In the same way, MTHFR 677TT genotype in CVD subjects is ~7.9 %, which is higher than the general populations. It means that TT genotype may be the risk factor of heart disease [24]. The TT genotype frequency in Caucasians, Chinese and Japanese populations is 10-16% [35,40]. The precise reasons underlying the relatively low prevalence among Indians are not known.

Overall the frequency of T allele and mutant TT genotype are highly diverse in the population, so their risk in disease development also varies significantly dependent on the ethnic, race and food habits.

1298A → C Mutation and CVD Risk
Indeed, another most common MTHFR genetic polymorphism 1298A->C, which change glutamate to alanine at the 1298 nucleotide. This variant resides at exon 7 in the regulatory domain, while 677 C->T variant resides at exon 4 in the catalytic domain. It plays a critical role in various diseases including CVD. The effect of enzymatic activity of 1298A->C changes is lesser than 677 C->T change, which is an ~35% decrease, meaning that it retains 65% of the total enzymatic activity.

On the other hand, 1298A->C variant has been less studied than 677 C->T variant. Moreover, the effect of 1298 A->C of hcy and folate level is milder, therefore the disease risk severity is less than 677 C->T variant [27,39-42]. Subsequently, a few studies did not find increase in hcy levels among homozygous (1298CC) even though they had decreased enzymatic activity, which may be due to non-thermolabile nature [16,17].

Furthermore, investigators dissect the effect of these two common variants at molecular levels using recombinant technology. They demonstrated how FAD binds and dissociates from the enzyme complex during the multistep metabolic pathways. It also help in determining metabolites, cofactors which is very important in MTHFR enzyme activity [43,44].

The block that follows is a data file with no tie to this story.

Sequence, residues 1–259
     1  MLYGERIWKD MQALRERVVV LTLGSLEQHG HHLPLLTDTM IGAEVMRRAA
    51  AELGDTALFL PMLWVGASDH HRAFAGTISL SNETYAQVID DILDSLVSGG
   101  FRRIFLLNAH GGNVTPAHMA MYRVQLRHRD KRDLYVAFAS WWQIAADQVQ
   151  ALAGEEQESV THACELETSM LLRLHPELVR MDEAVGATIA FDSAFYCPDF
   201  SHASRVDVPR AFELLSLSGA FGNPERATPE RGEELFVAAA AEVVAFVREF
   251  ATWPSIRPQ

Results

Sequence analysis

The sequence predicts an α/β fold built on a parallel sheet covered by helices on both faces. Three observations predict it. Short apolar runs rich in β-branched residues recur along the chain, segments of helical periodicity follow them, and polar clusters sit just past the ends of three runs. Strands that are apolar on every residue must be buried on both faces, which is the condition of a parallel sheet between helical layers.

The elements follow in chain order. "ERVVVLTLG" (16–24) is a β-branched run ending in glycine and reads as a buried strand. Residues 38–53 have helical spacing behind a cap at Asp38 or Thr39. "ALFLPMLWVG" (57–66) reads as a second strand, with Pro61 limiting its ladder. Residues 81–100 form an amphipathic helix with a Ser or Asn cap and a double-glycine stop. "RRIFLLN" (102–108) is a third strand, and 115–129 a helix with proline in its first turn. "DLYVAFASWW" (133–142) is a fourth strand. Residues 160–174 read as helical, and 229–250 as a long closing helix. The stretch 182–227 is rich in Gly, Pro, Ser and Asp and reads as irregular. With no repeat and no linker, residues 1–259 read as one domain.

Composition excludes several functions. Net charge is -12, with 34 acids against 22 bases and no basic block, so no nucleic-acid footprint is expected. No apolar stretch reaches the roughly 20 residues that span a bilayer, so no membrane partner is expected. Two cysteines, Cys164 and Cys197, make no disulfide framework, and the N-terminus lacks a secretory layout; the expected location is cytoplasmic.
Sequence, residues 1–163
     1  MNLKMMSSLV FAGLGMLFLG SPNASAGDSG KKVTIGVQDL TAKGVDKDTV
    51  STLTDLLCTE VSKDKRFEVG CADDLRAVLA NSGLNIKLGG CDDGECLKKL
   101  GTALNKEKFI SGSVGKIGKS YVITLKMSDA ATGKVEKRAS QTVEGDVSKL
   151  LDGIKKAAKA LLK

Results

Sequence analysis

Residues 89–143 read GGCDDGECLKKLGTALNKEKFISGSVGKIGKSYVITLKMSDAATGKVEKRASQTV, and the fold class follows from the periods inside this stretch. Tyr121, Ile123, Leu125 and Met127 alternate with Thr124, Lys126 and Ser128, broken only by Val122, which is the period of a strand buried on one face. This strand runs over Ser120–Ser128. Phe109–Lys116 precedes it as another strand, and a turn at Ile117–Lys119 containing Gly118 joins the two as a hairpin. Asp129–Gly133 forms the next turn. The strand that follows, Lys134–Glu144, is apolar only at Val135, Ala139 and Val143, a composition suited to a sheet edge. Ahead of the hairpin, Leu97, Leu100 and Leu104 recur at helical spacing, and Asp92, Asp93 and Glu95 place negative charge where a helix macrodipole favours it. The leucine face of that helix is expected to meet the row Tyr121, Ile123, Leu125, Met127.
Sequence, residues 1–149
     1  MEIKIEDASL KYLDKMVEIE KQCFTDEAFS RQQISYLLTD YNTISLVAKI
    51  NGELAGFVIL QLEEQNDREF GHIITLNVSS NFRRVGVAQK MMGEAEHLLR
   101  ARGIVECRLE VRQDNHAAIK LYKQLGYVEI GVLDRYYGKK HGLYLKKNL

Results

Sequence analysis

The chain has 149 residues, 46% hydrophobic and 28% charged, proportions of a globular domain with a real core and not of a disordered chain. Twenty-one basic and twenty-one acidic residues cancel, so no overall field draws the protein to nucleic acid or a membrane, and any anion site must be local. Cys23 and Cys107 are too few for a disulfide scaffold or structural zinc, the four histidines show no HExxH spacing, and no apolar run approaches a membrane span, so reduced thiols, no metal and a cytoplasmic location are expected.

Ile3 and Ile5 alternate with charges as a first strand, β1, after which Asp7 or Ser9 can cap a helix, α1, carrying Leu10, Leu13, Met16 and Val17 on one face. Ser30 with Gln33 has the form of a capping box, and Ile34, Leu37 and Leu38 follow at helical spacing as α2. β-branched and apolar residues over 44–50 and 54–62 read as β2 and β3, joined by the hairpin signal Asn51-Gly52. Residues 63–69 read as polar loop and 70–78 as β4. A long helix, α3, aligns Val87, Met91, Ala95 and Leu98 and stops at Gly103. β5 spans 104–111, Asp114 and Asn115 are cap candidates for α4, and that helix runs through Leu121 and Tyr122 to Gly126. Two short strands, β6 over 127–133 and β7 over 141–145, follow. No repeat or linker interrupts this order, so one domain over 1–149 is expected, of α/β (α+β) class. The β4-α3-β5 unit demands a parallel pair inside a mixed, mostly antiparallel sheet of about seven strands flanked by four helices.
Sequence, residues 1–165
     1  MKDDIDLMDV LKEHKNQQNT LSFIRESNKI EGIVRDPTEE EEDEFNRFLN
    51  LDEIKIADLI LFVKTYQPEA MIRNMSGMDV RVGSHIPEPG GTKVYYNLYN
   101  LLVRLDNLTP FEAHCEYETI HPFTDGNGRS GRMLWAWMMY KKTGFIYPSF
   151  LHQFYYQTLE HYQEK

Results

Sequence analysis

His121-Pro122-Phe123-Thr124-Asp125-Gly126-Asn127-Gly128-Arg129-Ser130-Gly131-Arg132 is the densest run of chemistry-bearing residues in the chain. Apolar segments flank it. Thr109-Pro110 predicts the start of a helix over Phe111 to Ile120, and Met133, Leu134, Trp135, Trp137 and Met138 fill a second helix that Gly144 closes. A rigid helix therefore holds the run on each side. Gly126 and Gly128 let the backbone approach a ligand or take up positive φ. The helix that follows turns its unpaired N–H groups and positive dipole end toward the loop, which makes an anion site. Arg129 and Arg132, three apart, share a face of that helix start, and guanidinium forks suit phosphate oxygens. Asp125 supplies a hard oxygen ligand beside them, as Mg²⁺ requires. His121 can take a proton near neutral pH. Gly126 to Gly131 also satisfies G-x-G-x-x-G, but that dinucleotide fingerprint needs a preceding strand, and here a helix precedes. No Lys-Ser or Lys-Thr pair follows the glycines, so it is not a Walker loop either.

1298 C Allele and Genotypes
The ‘C’ allele frequency also varies greatly across the globe. Canadians and Europeans (36%), Israelites (34%), Americans (32%) and Portuguese (28.3%), and higher compared to Chinese (17%) [36] and Africans (21%) [41]. The ‘C’ allele frequency in Indians varies geographically and ethnically. South Indians represents higher prevalence (36%) [39], compared to North Indians 10-23% [24].

Similarly, the mutant (1298 CC) genotype frequency is ethnic and race dependent. The prevalence in Caucasians is ~ 10% [41,45], Arabians (9.1%) [29], while in Indians it ranges from 3.0% to 17.8% with varying amount of disease severity [24,39,42].

Having variant MTHFR allele and elevated hcy levels is an indicator of CVD risk and severity. MTHFR 677C->T and MTHFR 1298 A->C are two common polymorphisms that are associated with increased risk for many diseases due to the impaired enzymatic activity of the protein encoded by the minor alleles. Determination of MTHFR status for either 677 C->T or 1298 A->C has predictive value. Indeed MTHFR variations appear to be medically irrelevant, if an individual’s homocysteine level is normal. Of note, recent studies indicate that lowering an elevated homocysteine level may decrease the risk of atherosclerosis and CVD. Further study to explore the association at the molecular level and folic acid supplementation in lowering blood hcy levels is warranted, since increased folate levels are beneficial for a number health conditions.

Citation: Alam MA (2016) Methylenetetrahydrofolate Reductase Gene Polymorphisms and Cardiovascular Diseases. Cell Dev Biol 5: 172. doi:10.4172/2168-9296.1000172 Copyright: © 2016 Alam MA. This is an open-access article distributed under the terms of the Creative Commons Attribution License, which permits unrestricted use, distribution, and reproduction in any medium, provided the original author and source are credited.

Mohammad Afaque Alam, Ph.D
Department of Pediatrics
College of Medicine
Drexel University,
894 Union Ave
Memphis, TN 38103, USA